South Florida bands have endured a year of almost no live performances. We caught up with five of the region’s top recording artists, from up-and-comers to linchpins of the scene, to see how they’re surviving—and thriving—amid a tumultuous landscape.
With a story that begins as a solo bedroom project and leads to backing up Iggy Pop just a few years later, the ascent of Miami rock trio Las Nubes has been rapid to say the least.
Formed in 2015 as the solo project of singer-songwriter-guitarist Ale Campos under the name “Smvt” (pronounced “smut”), over time the project evolved into Las Nubes, a three-piece that now includes Nina Carolina on bass and Emile Milgrim on drums. The group’s Bandcamp page succinctly describes its sound as a “Miami fuzz-worshipping power trio churning out undeniably catchy garage pop hits in English & Spanish.”
The trio is held together by the glue of Little Haiti’s Sweat Records, where Milgrim is a co-owner and Campos works. “One day a friend of ours came into Sweat,” Campos says of the band’s beginnings, “and mentioned to me that he was booking a show for [Japanese indie-pop act] Shonen Knife and he needed an opening band. He asked me if I wanted to play, because I had shown him some of the songs I had been working on, but I was like, ‘eh, I don’t really want to play by myself, that would be kind of weird.’ And Emily was there and she said she would play drums, and that’s basically how the band started.”
The venerable record store, which shares a wall with legendary Churchill’s Pub, also put out the group’s first full length—titled SMVT, after its original moniker—on its own imprint, the cheekily named Sweat Records Records.
Since that impromptu first gig, the band has strung together a run of successes that included releasing SMVT, making a split EP with fellow Miami rockers Palomino Blond, and the aforementioned gig backing Iggy Pop as the Stooges—the first all-female group to perform as the seminal proto-punk outfit—at a Miami Art Week event.
While the group’s brief stint as Pop’s backing band may have been surprising to those outside of Miami’s music scene, it wasn’t a shock to the band. The group is familiar with the renowned rocker through his visits to Sweat Records, and Campos even had a starring role in one of his music videos. “We know Iggy, but we didn’t expect him to ask us to play with him,” Milgrim shares. Also, she says, “he hadn’t played any Stooges songs in a bunch of years. … So it was extra pressure to live up to this legacy artist and this legacy band he’s so famous for.”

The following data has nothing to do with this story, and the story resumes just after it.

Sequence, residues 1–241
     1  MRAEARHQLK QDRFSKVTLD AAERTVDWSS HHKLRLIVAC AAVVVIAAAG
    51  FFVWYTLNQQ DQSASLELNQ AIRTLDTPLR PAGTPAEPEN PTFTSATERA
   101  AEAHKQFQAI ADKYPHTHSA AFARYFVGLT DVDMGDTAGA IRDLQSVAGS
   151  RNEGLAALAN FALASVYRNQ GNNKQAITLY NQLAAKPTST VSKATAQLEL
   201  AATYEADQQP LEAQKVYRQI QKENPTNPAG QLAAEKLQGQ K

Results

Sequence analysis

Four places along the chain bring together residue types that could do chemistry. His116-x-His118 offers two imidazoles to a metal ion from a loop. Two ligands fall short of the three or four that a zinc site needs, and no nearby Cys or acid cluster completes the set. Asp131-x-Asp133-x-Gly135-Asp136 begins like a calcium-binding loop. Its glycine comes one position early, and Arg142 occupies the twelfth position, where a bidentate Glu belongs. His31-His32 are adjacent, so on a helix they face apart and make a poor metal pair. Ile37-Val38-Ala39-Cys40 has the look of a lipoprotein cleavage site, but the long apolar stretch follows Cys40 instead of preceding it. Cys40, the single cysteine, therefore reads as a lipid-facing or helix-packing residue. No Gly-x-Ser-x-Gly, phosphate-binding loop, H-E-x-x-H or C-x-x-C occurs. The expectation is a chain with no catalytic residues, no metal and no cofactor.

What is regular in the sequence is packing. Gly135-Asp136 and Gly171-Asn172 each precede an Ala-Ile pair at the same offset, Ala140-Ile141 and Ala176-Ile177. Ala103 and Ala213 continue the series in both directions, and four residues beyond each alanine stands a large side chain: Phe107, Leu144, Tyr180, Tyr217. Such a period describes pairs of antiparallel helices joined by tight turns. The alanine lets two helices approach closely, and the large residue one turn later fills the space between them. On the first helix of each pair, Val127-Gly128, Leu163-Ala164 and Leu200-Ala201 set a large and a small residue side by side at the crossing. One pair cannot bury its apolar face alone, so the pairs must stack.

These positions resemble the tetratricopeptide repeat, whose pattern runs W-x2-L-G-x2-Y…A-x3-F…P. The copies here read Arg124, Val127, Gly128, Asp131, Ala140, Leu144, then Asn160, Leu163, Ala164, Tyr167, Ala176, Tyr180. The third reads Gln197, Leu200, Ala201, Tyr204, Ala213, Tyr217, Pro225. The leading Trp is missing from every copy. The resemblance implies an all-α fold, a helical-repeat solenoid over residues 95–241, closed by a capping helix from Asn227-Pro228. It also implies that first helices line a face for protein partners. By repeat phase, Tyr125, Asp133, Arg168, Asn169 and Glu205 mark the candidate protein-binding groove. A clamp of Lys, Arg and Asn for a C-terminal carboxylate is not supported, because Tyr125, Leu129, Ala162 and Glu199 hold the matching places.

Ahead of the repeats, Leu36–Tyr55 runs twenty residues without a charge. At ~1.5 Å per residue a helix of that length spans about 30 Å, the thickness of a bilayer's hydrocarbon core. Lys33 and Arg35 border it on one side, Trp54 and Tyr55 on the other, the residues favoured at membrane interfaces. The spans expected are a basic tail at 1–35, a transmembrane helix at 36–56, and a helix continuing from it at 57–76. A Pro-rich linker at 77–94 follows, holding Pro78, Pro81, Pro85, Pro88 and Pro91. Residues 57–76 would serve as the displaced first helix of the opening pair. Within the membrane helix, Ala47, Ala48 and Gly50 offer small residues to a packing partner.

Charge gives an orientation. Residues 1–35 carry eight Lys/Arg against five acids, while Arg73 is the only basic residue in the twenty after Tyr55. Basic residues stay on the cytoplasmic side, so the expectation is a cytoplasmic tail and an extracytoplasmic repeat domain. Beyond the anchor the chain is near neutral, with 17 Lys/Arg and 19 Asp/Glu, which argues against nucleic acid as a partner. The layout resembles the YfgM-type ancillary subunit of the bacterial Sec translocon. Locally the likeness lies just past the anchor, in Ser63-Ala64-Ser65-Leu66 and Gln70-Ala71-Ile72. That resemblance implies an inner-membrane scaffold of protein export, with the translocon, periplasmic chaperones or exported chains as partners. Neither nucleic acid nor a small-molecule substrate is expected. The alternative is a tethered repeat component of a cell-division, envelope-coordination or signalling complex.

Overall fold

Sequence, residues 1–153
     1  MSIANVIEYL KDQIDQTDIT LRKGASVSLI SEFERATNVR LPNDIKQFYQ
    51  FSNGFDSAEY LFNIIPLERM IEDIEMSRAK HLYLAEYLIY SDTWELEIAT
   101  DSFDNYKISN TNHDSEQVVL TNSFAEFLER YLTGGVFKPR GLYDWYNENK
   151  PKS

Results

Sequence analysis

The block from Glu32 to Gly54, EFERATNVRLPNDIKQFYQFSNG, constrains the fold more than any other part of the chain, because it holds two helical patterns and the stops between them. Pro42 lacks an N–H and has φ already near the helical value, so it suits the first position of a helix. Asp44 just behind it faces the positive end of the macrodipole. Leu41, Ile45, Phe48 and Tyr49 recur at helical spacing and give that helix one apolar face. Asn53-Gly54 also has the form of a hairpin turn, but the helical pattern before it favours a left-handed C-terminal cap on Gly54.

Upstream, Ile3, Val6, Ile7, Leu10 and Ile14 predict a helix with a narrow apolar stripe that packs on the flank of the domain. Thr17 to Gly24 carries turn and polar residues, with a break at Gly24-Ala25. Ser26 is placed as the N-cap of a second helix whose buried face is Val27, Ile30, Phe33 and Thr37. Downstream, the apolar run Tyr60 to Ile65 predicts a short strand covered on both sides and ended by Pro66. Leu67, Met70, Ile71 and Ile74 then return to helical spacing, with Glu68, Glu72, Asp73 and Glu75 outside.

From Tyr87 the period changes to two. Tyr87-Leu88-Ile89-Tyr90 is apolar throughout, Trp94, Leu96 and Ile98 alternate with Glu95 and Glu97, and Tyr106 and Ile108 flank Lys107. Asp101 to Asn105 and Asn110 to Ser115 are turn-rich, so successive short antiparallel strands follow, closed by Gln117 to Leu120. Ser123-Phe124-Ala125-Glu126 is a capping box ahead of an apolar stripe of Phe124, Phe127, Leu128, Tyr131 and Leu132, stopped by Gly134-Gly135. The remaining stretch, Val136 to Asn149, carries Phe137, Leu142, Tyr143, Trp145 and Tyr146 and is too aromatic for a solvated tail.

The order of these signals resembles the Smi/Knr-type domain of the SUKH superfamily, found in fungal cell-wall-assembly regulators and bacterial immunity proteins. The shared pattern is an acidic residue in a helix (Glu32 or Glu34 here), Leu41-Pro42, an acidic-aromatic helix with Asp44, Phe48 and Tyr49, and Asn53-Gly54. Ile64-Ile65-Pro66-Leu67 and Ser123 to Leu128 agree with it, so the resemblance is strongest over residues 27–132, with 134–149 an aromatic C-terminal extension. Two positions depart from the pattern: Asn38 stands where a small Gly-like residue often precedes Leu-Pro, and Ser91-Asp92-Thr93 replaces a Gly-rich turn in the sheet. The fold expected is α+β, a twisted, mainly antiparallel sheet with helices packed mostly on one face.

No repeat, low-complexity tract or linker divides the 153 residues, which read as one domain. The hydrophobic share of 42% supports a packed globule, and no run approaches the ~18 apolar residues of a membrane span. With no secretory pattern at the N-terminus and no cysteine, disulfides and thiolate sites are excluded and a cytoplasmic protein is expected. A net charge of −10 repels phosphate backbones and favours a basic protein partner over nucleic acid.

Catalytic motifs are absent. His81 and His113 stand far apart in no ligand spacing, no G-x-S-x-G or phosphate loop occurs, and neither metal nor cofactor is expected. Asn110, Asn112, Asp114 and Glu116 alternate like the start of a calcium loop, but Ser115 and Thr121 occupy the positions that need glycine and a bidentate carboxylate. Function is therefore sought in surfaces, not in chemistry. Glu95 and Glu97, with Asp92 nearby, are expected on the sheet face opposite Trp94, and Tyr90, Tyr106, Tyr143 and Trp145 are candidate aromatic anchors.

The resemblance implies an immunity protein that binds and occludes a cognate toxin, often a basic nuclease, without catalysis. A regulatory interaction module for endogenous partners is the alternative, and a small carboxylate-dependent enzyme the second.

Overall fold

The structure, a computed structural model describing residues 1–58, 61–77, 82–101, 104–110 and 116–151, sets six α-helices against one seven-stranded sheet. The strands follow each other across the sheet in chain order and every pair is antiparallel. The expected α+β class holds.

One of the defining characteristics of Las Nubes’ songs is that they are bilingual—some sung in English, others in Spanish. The language of one of the group’s songs is usually determined by “rhythm and cheese factor,” as Milgrim puts it, with Campos adding that “there were actually a couple of songs that I had written the lyrics originally in English, and I just thought, ‘Wow, they sound really stupid in English.’”
The group is now branching out to become even more multilingual. Bassist Nina Carolina, whose family has roots in Brazil, is working on a song in Portuguese.
The group, like so many others, had plenty of plans sidelined by COVID-19. The pandemic nixed a European tour that was slated for late 2020 and may impact a set of dates planned in Mexico late this year. But Campos harnessed the early weeks of lockdown as a creative flourish, pumping out songs the group hopes to bring into the studio soon.
For now, the group encourages listeners to do what they can to support the local music scene until the pandemic subsides.
“Bands like us rely on shows and merch and touring and all this stuff to keep the band going,” Milgrim says. “If fans are able to support the bands in their community, they really help them grow.”
Find music from Las Nubes at lasnubes.bandcamp.com or on your streaming service of choice.